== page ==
Inside Tom Jaine’s Kitchen

13th September 2017

Interview: Letitia Clark
Photographs: Dan Dennison

The food writer and publisher defends his love of Nescafé, picks out a nickel saucepan he rescued from a pig field, and celebrates the “most enjoyable” 18th-century cookery book


Piment d’Espelette »
“This is a special red chilli pepper which was originally cultivated in a French commune, in the northern territory of the Basque people. It now has PDO status. It’s not too hot, but is deliciously aromatic. It has become a major ingredient in Basque cookery, almost eradicating black pepper. I put it on everything.” – Tom

Nescafé Blend 37 »
“I love Nescafé. I was raised on the stuff. I know Nestlé have behaved dreadfully historically but I love the little emblem with the birds in the nest. It’s sweet. We order it in bulk and I drink 12 cups a day.”

Riverford organic full-fat milk »
“When we first moved here we started drinking fresh whole milk straight from the cow. But actually we found it rather filthy. We get this from the post office. It’s nice to support them. It is milk as it should be. It tastes and looks so different from the average shop stuff. Creamy and rich, and just the thing for a Nescafé.”

French butter
“Good cooking begins with good butter. We are never without good butter in the house.”

Alziari extra virgin olive oil (from Marseille) »
Lia extra virgin olive oil (from Greece) »
“Our youngest daughter used to work for our friends The Oil Merchant in London. Charles Carey imports some of the best olive oils we’ve ever tasted. I’m also a sucker for a lovely tin. These are both absolutely delicious, grassy and green. I make a fresh mayo with them and our homemade vinegar and we eat it with bread.”


Nickel saucepan
“This was manufactured in the 19th century in Vienna. It’s very heavy. Our neighbor, Phil, was using it to feed the pigs when I spotted it and asked if I could have it. He was a little loath to part with it but it’s now one of my favourites.”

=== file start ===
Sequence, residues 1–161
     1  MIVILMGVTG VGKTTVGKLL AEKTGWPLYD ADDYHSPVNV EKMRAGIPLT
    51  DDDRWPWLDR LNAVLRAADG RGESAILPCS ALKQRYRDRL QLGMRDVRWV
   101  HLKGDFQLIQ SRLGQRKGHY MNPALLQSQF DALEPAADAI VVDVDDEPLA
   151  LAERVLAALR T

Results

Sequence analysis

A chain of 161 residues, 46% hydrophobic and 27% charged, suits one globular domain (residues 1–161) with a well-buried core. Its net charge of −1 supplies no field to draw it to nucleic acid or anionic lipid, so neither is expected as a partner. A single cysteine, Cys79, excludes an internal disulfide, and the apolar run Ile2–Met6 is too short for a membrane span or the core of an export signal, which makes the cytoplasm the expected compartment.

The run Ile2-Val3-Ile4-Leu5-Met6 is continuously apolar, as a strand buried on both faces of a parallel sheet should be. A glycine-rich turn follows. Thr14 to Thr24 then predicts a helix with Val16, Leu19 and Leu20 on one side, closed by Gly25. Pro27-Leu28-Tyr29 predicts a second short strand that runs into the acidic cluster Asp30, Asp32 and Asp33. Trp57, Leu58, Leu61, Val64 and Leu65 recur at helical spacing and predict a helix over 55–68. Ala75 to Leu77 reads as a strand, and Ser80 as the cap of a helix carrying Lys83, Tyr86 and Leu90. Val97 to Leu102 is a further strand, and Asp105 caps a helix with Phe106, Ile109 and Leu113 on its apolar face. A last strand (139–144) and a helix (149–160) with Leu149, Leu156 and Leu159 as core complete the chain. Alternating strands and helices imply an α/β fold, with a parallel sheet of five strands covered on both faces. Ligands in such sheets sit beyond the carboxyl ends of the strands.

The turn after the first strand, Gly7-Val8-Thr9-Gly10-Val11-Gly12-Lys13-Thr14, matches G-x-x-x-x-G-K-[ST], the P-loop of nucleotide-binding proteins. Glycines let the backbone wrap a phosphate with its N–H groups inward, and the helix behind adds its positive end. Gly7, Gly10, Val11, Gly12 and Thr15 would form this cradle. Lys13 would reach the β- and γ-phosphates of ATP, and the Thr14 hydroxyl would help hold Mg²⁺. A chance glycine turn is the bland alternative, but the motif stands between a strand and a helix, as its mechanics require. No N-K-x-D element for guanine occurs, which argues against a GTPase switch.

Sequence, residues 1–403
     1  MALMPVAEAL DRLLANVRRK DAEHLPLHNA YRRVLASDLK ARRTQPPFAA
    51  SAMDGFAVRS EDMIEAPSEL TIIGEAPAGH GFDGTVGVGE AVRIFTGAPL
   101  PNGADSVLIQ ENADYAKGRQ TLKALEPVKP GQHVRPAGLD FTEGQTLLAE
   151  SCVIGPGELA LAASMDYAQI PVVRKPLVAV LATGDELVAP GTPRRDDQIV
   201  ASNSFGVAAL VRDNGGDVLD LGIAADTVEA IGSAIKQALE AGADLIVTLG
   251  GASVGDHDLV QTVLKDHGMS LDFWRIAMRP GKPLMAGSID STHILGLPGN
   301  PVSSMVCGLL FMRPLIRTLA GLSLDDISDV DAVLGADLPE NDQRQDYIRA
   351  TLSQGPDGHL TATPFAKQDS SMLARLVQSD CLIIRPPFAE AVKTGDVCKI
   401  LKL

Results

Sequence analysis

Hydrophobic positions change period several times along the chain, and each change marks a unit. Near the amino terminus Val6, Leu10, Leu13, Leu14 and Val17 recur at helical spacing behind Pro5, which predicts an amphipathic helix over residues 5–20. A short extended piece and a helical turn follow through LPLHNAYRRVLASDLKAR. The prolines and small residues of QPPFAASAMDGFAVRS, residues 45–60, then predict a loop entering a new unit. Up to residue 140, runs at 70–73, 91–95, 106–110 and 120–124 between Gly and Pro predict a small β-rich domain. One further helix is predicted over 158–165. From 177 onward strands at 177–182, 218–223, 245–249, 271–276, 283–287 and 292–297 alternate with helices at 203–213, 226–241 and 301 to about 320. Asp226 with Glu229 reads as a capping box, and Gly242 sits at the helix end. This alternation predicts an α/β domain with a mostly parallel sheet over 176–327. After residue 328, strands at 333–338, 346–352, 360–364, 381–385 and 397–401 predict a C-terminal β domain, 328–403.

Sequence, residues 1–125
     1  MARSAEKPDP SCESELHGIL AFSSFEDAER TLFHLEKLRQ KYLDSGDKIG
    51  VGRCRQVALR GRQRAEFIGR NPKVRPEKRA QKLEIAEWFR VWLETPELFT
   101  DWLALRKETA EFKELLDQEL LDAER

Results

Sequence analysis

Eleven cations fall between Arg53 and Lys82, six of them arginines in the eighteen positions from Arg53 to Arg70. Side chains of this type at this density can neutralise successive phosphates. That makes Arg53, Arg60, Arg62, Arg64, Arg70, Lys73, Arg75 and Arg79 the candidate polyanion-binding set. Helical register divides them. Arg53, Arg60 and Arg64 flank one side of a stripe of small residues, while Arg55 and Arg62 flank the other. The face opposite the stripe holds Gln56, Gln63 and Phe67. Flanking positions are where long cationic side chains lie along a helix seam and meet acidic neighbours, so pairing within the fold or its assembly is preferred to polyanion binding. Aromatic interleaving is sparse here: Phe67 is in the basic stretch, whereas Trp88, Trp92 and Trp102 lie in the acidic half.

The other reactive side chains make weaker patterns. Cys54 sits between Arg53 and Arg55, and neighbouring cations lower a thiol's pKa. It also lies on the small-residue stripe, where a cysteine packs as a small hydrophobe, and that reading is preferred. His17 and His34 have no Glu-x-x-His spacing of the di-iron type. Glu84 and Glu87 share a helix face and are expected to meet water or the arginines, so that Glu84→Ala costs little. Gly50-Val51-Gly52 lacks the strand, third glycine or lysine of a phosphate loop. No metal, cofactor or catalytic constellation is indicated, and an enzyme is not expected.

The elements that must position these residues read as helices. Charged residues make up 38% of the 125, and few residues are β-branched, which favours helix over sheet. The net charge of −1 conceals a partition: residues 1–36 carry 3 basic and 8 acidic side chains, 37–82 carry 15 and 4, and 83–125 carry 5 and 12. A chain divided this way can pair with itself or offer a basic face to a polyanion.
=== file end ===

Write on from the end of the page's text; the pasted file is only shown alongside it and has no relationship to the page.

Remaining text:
Copper daubière
“This is from France, where we picked it up in a car boot for peanuts. It’s square with a lid and rounded edges. Beans! That’s what I cook in this.”

Bread weighing scales
“These are a 20th century greengrocers’ scales, for weighing out potatoes and that sort of thing. I use them as my bread-making scales.”

Aga bread peel »
“The only cheap thing to have ever come out of an Aga catalogue. Very good for pizza and bread.”

Oval copper flambé dish
“We recently inherited this from my late mother-in-law. It has a fantastic shine and is very high quality. Such an unusually small size as well, we think it must be for bananas flambé.”


“As a general rule I hate recipe books because they’re deathly dull. I like food history, heavy academic stuff without photos. But there are a few that I always come back to.” – Tom

French Provincial Cooking, Elizabeth David »
“This was the chief guide for George [Perry-Smith] when he opened The Hole. David’s previous three books were nothing in comparison with the breadth of research contained here. It has been with me ever since it was published.”

Vegetable Book, Jane Grigson »
“My wife Sally cooks from this on an almost daily basis. We all knew and revered Jane (a Westcountry gal) and we absolutely depend on her recipes for anything vegetal.”

The Art of Cookery Made Plain and Easy, Hannah Glasse »
“She was an astonishing woman, an illegitimate child and married to a pretty awful man. She went bankrupt and then wrote this book, though she was almost illiterate. It is the most enjoyable 18th-century cookery book. There are so many things that one should applaud, chiefly that she wished to educate people as well as instruct. It was not written exclusively for the upper classes, it was also written for the servants.”

Honey from a Weed, Patience Gray »
“This was, and still is, absolutely revelatory. It encapsulates a holistic view of food, cooking and life.”

Guide de l’amateur de Pain, Lionel Poilane »
“It was the book that introduced me to bread making. I’m ashamed to say I can’t remember where I found it. The account of the life of a baker in post-war France is fascinating. It was also the book that made me want to build my bread oven.”

Posted 13th September 2017

In Things


Interview: Letitia Clark
Photographs: Dan Dennison

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